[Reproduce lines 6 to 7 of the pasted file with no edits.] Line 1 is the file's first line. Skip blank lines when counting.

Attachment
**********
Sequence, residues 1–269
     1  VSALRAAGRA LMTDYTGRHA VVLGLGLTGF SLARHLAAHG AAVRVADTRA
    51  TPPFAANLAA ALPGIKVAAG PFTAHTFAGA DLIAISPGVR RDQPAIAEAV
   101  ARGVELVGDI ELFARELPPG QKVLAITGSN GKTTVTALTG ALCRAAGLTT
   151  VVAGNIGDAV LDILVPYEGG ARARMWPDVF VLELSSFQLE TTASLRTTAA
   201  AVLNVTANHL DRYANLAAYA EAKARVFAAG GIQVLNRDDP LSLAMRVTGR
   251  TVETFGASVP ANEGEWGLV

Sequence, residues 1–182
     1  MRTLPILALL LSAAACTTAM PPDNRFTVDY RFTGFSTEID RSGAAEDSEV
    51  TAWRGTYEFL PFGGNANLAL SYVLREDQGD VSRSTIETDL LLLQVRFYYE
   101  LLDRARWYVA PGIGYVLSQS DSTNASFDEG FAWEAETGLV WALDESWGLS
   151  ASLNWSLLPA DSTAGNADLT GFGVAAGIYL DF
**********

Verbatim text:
   201  AVLNVTANHL DRYANLAAYA EAKARVFAAG GIQVLNRDDP LSLAMRVTGR
   251  TVETFGASVP ANEGEWGLV